Happy Mediums

The writing mentor I had in my undergrad years encouraged us, at that young and only cockily experienced age, to write from the first person. That has proved to be one of the hardest habits to break: that, and the notion that one is to be intimate with an interlocutor if one expects sincere engagement.
Yesterday in Gadamer, I read, "the focus of subjectivity is a distorting mirror."
He writes so clearly that it is possible to learn about human experience in Truth and Method. His description of Romanticism is the best I have read thus far, and in it, I found an unexpected mirror. Not through subjectivity, but the analysis of belief.
Romanticism, instead of seeking the perfectibility of reason, sought mythical consciousness reflected in a paradisaical prime state before the "fall of thought" - wherein this mythical collective conscious was as abstract as the state of perfect enlightenment and abstract knowledge. Mythical consciousness, he writes, is still knowledge - for example, it knows about divine powers, so that man does not merely tremble before them. By contrast, as per the Enlightenment, the poet - "in the old quarrel between poets and philosophers in the garb of belief in science" does not tell lies because he is incapable of saying something true but has only an aesthetic effect. Except that the Enlightenment's wish as such to overcome all prejudices turns out, itself, to be a prejudice.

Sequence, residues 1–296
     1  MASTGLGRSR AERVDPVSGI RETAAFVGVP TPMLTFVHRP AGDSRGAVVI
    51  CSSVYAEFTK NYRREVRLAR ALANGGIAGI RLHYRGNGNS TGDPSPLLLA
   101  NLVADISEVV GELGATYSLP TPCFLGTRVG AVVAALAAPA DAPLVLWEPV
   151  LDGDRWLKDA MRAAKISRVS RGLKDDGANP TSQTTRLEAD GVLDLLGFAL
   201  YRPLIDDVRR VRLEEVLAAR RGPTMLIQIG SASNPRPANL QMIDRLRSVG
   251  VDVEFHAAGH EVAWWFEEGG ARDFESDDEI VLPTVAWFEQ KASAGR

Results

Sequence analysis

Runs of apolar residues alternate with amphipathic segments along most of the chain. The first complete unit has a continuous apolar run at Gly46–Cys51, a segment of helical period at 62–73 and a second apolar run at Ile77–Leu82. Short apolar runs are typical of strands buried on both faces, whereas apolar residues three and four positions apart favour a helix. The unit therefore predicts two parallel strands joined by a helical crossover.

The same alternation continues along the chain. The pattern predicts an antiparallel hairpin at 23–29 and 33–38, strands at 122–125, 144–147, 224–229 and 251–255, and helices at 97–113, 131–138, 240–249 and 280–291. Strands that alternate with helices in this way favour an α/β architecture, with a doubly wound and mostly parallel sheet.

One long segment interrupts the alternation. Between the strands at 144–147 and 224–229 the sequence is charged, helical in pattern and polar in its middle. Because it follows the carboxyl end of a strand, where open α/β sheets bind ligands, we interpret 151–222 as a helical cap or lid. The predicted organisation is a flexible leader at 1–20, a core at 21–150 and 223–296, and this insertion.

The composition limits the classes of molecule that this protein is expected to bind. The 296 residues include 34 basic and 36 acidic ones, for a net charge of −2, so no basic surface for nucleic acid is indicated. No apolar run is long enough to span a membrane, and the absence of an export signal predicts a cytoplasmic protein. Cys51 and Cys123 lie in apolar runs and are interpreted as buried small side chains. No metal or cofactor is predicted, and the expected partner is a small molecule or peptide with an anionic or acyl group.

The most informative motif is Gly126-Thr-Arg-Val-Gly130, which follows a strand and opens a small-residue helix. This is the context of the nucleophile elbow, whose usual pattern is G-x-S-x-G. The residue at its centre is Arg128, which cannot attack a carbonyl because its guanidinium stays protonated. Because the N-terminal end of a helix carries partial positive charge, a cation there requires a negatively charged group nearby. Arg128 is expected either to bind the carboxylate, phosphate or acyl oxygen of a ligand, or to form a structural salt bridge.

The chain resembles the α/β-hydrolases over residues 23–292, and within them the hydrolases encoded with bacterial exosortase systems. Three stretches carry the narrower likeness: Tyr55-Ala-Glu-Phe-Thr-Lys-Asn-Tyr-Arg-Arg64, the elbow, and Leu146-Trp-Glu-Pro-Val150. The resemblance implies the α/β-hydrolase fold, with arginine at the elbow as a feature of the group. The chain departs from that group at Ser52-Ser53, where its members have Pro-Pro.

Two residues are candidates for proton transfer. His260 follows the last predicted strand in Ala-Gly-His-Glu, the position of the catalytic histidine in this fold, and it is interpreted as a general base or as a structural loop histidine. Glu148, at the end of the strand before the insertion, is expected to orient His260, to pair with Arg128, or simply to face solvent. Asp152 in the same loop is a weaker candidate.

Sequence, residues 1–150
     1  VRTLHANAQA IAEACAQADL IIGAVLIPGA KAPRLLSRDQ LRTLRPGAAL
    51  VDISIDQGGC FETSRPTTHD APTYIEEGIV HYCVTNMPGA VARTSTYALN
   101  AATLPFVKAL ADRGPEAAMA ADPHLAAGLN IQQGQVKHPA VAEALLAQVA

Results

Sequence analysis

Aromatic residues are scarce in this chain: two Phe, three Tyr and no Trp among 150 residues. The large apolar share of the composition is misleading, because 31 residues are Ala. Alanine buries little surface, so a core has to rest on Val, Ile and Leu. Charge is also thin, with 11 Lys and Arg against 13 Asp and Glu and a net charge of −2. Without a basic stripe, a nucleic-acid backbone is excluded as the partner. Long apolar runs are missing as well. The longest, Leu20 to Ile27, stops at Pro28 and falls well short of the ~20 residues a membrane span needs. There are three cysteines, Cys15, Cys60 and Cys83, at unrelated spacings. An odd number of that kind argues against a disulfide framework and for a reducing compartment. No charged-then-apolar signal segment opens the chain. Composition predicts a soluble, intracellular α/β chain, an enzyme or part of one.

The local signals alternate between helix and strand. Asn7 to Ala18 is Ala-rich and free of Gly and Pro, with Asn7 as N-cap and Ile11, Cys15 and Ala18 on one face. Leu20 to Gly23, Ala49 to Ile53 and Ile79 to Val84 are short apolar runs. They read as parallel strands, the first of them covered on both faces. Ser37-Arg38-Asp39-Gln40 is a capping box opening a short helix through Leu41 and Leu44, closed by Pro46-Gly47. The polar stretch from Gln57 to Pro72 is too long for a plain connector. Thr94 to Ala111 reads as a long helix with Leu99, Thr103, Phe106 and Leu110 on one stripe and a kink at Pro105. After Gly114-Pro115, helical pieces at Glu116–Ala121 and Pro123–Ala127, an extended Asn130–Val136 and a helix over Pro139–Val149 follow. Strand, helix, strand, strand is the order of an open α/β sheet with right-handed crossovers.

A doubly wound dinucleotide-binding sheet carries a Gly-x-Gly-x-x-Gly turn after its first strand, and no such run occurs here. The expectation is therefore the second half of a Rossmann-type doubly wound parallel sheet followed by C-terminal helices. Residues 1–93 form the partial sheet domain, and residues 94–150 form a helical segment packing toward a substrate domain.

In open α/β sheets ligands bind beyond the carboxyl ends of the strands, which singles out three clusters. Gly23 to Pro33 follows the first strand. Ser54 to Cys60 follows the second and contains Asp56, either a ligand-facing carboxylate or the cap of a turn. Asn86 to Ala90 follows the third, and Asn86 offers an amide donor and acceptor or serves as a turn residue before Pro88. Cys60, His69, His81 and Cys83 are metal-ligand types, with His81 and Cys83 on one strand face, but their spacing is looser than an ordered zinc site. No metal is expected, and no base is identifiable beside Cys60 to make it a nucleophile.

What I take from this is what Gadamer argues for: the truth is in both logos and mythos. To argue for exclusivity within one or the other is to be blind to areas where they are mutually implicit. I have added this to the post on academia I wrote yesterday, and edited many times. I am beginning to see how many of my old posts were not clear on this issue, so I may be editing them, or I may leave them to show the distance I've come since starting this blog - initiated to garner conversation, which I have now achieved.
Gadamer also writes about authority, the conferral of which is not based on an abdication or subjection of reason but on an act of acknowledgement and knowledge that the authority is indeed superior. In this way, authority is bestowed, not earned. He explains how the Enlightenment denigrated authority by prejudicially viewing it diametrically opposed to reason and freedom, which he notes is the argument used against totalitarian states today.
Sometimes, we are not to insist on authorities lavishing us with personal attention: we must content ourselves with our own work by consulting the texts that authorities have left us. To truly seek growth means being patient and doing all of the work - sometimes going down the wrong path but not to be discouraged by this - with persistence and belief that we can cultivate understanding. But belief can stand some criticism.


Brush link no longer active. Book in background.

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